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Lesson#38

FINANCE ACCOUNTING ISSUES

Learning objectives
The main objective of this chapter to enable to students about accounting and finance issue relating to
strategy implementation.
Like marketing and human resource concern while implementing strategy the other important issue is
accounting and finance. Several issue that concern with accounting and finance to strategy
implementation: obtaining desired amount of needed capital, developing pro forma financial
statements, preparing financial budgets, and evaluating the worth of a business. Some examples of
decisions that may require finance/accounting policies are:
1. To raise the amount of capital by issuing shares or obtaining a debt from external parties.
2. To enhance the inventory turn over level
3. To make or buy fixed assets.
4. To extend the time of accounts receivable.
5. To establish a certain percentage discount on accounts within a specified period of time.
6. To determine the amount of cash that should be kept on hand
7. To determine an appropriate dividend payout ratio.
8. To use LIFO, FIFO

Acquiring Capital to Implement Strategies

Without sufficient amount of capital the strategy can not be proceed. Two basic sources of capital for
an organization are debt and equity. Creditors have a debt right and owners have an equity right in the
business. An appropriate mix of debt and equity in a firm's capital structure plays an important role for
strategy implementation.

The most important is debt and equity analysis. The debt to equity ratio
(D/E)
is a financial ratio, which is equal to an entity's total liabilities divided by shareholders' equity.
The two components are often taken from the firm's balance sheet (or statement of financial position),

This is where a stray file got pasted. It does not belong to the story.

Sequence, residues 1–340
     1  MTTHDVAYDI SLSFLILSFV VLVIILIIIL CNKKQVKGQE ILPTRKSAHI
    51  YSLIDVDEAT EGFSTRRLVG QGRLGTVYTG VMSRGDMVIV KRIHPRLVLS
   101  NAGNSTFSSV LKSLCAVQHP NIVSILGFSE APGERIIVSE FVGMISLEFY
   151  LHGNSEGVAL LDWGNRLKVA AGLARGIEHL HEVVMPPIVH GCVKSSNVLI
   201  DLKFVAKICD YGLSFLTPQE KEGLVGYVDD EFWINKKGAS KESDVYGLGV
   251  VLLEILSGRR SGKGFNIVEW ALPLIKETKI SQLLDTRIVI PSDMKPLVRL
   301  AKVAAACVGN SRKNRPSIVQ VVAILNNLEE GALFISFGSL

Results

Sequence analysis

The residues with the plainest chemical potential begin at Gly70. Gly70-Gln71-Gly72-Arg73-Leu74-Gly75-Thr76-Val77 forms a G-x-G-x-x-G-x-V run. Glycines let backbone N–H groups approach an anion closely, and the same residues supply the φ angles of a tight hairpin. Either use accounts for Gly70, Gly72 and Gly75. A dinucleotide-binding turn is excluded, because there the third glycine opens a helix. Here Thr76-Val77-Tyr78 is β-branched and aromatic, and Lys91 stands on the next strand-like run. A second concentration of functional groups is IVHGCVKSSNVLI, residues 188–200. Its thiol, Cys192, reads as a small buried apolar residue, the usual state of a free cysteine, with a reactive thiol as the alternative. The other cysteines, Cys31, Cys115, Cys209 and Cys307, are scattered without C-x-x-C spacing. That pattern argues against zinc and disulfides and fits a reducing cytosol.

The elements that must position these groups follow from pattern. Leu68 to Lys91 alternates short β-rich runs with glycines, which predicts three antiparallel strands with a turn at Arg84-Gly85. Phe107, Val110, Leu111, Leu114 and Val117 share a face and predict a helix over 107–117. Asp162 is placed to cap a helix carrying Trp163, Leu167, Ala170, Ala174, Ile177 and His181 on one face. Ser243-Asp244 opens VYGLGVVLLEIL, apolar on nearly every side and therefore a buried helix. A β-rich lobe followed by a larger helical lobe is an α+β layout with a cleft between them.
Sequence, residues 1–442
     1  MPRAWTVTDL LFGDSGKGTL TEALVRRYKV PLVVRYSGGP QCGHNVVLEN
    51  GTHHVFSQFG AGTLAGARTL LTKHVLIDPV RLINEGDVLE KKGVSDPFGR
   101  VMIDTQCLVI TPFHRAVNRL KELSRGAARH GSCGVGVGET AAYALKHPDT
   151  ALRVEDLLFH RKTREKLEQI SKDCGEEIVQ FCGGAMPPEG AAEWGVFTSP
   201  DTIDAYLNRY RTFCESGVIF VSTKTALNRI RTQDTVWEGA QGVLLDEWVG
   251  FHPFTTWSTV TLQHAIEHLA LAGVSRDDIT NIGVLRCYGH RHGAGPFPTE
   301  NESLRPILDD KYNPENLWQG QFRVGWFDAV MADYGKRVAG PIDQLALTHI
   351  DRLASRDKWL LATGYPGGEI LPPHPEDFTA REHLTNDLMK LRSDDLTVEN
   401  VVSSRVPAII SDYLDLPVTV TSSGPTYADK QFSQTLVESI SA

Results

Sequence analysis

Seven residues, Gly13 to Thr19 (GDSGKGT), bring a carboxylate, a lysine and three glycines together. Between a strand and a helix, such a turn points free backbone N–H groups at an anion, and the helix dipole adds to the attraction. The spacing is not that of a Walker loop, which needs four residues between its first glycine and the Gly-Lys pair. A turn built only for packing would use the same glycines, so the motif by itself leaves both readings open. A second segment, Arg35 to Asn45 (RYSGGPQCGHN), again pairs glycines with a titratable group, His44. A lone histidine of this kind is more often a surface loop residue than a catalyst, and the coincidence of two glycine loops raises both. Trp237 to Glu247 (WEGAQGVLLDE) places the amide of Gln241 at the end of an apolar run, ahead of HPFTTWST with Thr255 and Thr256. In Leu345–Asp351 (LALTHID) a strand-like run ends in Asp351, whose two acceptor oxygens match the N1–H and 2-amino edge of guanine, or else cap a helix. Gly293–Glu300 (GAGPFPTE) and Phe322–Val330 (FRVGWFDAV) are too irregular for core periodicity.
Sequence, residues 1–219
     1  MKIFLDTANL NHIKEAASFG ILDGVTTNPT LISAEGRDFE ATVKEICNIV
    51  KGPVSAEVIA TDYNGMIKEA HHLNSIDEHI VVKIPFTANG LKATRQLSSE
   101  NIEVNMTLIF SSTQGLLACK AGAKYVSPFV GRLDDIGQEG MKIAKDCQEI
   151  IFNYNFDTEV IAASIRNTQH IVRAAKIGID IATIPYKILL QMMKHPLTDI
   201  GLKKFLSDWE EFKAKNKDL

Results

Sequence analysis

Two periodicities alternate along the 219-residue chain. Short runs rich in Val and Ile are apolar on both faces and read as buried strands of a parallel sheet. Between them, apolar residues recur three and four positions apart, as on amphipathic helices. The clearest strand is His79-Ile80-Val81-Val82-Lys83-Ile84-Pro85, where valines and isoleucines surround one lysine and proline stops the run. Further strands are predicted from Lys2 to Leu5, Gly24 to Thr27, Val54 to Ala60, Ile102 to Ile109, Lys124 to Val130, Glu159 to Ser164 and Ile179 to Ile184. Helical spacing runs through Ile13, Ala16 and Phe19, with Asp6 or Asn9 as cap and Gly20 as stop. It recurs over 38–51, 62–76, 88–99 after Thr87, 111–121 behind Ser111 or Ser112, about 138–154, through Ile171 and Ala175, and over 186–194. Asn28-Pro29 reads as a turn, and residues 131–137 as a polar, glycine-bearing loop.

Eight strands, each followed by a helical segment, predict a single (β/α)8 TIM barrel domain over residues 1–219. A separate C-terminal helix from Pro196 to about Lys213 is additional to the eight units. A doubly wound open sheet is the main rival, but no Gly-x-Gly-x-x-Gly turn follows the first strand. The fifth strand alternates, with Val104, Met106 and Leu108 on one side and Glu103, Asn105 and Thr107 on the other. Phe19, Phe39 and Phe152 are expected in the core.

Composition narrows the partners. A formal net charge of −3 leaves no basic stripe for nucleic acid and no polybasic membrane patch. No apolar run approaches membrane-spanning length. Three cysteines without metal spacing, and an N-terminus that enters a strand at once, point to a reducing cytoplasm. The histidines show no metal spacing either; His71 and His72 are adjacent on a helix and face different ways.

but they might also be calculated using their market values if both the company's debt and equity are
publicly traded
. It is used to calculate a company's "financial leverage" and indicates what proportion of
equity and debt the company is using to finance its assets.
It also include an Earnings per Share/Earnings before Interest and Taxes (EPS/EBIT) analysis is the
most widely used technique for determining whether debt, stock, or a combination of debt and stock is
the best alternative for raising capital to implement strategies. This technique involves an examination
of the impact that debt versus stock financing has on earnings per share under various assumptions as
to EBIT.

DEBIT

A financial measure defined as revenues less cost of goods sold and selling, general, and administrative
expenses. In other words, operating and no operating profit before the deduction of interest and
income taxes.

Earning Per share

A company's profit divided by its number of outstanding shares. If a company earning Rs. 2 million in
one year had Rs. 2 million shares of stock outstanding, its EPS would be Rs. 1 per share. In calculating
EPS, the company often uses a weighted average of shares outstanding over the reporting term. The
one-year (historical) EPS growth rate is calculated as the percentage change in earnings per share. The